OK, everyone. Take a deep breath. Exhale slowly. Repeat as necessary.
You likely have heard the phrase “May you live in interesting times,” most notably quoted by Robert F. Kennedy in a speech in Cape Town, South Africa in 1966 and described as an ancient Chinese curse. Its ongoing popularity lies in the fact that what appears at first blush to be a blessing implies the opposite when you consider the possibility that the “uninteresting” times of peace and tranquility could be more desirable and life-enhancing than the “interesting” ones of challenge, strife, insecurity and doubt.
With all due respect to Mr. Kennedy (and certainly not intending to be an apologist for China), the phrase is neither ancient nor Chinese. According to the website Phrases.org, it originated in the 20th century as “May you live in an interesting age,” first recorded in opening remarks made by Frederic R. Coudert at the Proceedings of the Academy of Political Science in 1939. I vastly prefer the original phraseology.
The current age, and 2020 in particular, has become a bit too interesting for my taste. I recently felt the need to get away from everything and everyone to clear my head and try to regain some sort of perspective on the pandemonium (pun intended) surrounding us all. So, like Thoreau, “I went to the woods,” in my case to a fish and game preserve on the top of a mountain in northwestern Connecticut, “far from the maddening crowd.”
Growing up near the Adirondack Mountains, I spent quite a bit of my time outdoors. The woods are like home to me. I knew what to expect. I found the unexpected.
Sitting down at a favorite spot with a beautiful view of a large pond surrounded by densely wooded hills, I let myself relax. The air was clear and still, and the woods were quiet, though not silent. The more I relaxed, the more I noticed the little details. The sounds of squirrels foraging in the leaves, the mirrored reflection of the trees in the water, the occasional rise of a fish, the hawks and eagles soaring and circling lazily yet with purpose.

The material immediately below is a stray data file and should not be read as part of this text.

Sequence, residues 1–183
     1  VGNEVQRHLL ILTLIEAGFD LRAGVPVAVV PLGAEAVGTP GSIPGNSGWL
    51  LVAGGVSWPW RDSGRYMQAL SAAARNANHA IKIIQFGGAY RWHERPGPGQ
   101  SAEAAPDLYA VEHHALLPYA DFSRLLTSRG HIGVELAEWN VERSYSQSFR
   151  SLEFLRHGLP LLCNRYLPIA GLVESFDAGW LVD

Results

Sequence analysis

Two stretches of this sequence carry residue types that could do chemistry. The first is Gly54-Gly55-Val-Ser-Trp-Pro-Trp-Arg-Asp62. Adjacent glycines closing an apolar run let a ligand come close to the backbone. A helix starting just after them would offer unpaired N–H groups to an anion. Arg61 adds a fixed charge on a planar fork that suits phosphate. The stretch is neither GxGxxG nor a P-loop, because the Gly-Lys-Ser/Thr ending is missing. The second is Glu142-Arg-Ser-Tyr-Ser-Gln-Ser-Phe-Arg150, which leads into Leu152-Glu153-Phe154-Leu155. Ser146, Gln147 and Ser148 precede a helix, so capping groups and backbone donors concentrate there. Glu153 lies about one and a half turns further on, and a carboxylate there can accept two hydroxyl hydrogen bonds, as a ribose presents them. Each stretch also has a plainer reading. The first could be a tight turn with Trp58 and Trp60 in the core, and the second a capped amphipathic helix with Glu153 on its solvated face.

The trees were mostly bare of leaves, tall and spare and devoid of the color they had boasted just weeks ago. In that condition, they revealed details of the surrounding landscape hidden from view during the leafy season. I saw what appeared to be miles and miles of rock walls, dry stone fences running back and forth and up and down in patterns and in places and for purposes I could not fathom. The closer I looked, the more revealed itself: stone foundations of buildings long abandoned; the barest hint of old logging trails leading seemingly to nowhere; strange 30-foot flat, circular imprints in the forest floor (not alien landing sites but old charcoal hearths); and everywhere, the symbiotic interplay of stone and trees, with the latter springing almost impossibly from cracks and fissures in the former.
Eventually it dawned on me that I was being taught a lesson, given a message I really needed to hear.
The worries of today are like the leaves on the trees. They come and go, in fairly predictable cycles, and when in full bloom, they obscure the view of other realities of a less transient nature. At times they stridently demand our attention and occupy it fully by being so urgently colorful that we see nothing else. Yet, in time, they will fall away and ultimately be forgotten.
The leaves mean little to the squirrels, except to the extent that they help the trees produce nuts. Squirrels have dichromatic color vision, which means that they cannot see the difference between the green leaves of summer and the red leaves of fall. They are oblivious to the foliage changes that entrance us humans. They are content enough to forage and spend the winter months snugly in their dens.
The fish don’t even see the leaves, and so live untroubled by their arrival, change or departure. The hawks and eagles find them troublesome in terms of seasonally blocking their view of the forest floor, and presumably are pleased when they are gone.
It would be hard to imagine that any of these animals spend much of their life energy worrying about the leaves.
We humans consider ourselves to be the top of the food chain, far superior in most ways to the rest of the animal world. We have managed to adapt best in terms of survival (well, maybe cockroaches outdo us there) and excel in manipulating the resources of nature to our advantage. Why, then, do we insist on spending most of our waking hours anxious and worrying about everything, including things we can do nothing about?
Another breath. Release. Repeat.
This Thanksgiving, I am going to try really hard to focus on the less transient aspects of my life, following as best I can the advice of St. Paul -- “my friends, fill your minds with those things that are good and deserve praise: things that are true, noble, right, pure, lovely and honorable.” Notwithstanding our differences and difficulties, our divisions and challenges, we are a good people, blessed to live in a great nation. We still enjoy the freedoms the Pilgrims came here to find 400 years ago. Those freedoms require constant vigilance and protection; let’s all take a moment to reflect on them. They are the foundation stones of our democracy, the walled barriers against tyranny and oppression, the green saplings sprouting from rock. They are so much easier to see and appreciate when the leaves of distraction have fallen. And when we clearly see and appreciate how much we have to be thankful for, we should be in a better position to come together as a people to heal our divisions and unite in the common effort to bequeath these blessings on generations to come.
Let’s shake some trees!